The Colorado Tourism Office has partnered with the Colorado Department of Transportation and the Colorado Energy Office to assist communities along the 26 Colorado Scenic & Historic Byways to install charging infrastructure. Review the resources in the sections below to learn more.


Type: Toolkit

For: Tourism partners

OEDIT division: Colorado Tourism Office

As of May 2023, the Colorado Scenic & Historic Byways Commission has recognized 17 of the 26 Colorado Scenic & Historic Byways as Colorado Electric Byways.

Please see the list of recognized Colorado Electric Byways below:

  1. Alpine Loop Scenic Byway (High-Clearance + 4WD vehicle required)
  2. Collegiate Peaks Scenic Byway
  3. Colorado River Headwaters Scenic Byway
  4. Flat Tops Scenic Byway
  5. Gold Belt Tour Scenic Byway
  6. Grand Mesa Scenic Byway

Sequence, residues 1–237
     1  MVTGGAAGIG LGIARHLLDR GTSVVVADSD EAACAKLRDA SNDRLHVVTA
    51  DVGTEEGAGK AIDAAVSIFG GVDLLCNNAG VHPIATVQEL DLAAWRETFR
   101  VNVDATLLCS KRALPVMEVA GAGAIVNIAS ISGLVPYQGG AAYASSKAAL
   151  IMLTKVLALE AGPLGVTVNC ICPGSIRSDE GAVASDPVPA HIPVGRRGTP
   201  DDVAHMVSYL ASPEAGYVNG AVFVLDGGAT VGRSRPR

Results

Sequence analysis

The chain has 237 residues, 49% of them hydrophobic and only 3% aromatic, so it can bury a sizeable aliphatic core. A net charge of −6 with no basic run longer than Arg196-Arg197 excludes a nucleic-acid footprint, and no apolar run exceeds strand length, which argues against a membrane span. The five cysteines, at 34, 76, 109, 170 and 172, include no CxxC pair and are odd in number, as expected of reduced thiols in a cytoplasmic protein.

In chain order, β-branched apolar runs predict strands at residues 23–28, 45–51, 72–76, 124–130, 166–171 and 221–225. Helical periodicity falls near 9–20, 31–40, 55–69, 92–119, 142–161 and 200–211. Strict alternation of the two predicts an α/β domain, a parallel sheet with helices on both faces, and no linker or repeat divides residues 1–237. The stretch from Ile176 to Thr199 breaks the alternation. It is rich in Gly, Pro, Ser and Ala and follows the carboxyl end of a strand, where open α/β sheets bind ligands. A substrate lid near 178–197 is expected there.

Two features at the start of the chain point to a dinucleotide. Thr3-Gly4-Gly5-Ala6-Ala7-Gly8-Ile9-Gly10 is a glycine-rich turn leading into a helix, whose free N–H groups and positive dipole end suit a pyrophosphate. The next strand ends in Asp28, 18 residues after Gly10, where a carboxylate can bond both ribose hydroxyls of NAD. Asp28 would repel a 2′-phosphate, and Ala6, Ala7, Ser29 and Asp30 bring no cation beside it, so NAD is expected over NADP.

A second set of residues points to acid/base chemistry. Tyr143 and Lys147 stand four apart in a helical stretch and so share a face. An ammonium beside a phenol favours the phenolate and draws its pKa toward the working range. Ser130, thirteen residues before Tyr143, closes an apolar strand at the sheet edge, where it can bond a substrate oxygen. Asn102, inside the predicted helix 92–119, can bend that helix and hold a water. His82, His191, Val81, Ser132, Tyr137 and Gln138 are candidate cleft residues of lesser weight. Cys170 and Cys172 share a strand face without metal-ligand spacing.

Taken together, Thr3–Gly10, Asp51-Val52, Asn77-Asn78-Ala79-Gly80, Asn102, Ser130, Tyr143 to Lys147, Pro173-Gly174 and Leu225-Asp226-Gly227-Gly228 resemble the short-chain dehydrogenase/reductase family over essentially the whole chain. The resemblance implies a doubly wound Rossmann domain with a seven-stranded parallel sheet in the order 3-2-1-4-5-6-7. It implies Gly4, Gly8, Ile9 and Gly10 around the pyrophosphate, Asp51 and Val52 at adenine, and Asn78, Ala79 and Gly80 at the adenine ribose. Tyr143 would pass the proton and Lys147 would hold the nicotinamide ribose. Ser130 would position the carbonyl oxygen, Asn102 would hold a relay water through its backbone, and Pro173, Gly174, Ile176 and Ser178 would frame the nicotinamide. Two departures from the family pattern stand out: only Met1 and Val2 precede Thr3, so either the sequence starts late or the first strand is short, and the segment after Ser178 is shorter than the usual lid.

7. Guanella Pass Scenic Byway
  8. Highway of Legends Scenic Byway
  9. Lariat Loop Scenic Byway
  10. Mt. Blue Sky Scenic Byway
  11. Peak to Peak Scenic Byway
  12. Silver Thread Scenic Byway
  13. Top of the Rockies Scenic Byway
  14. Trail Ridge Road Scenic Byway
  15. Santa Fe Trail Scenic Byway
  16. South Platte River Trail Scenic Byway
  17. West Elk Loop Scenic Byway

Colorado Department of Local Affairs

The Colorado Department of Local Affairs supports electrified byways through two grants.

Colorado Main Street Program
This program gives mini-grants to communities that use other funding for charging stations in downtown areas. Main Street communities may also ask for technical assistance to plan and design electric vehicle solutions.

Energy and Mineral Impact Assistance Funds
These funds help local governments add alternative fuel vehicles and infrastructure into fleet management programs. The Colorado Energy Office offers funding support for charging stations through the Charge Ahead Colorado grant.

Colorado Energy Office

The Colorado Energy Office manages the following program to support electric vehicle charging stations.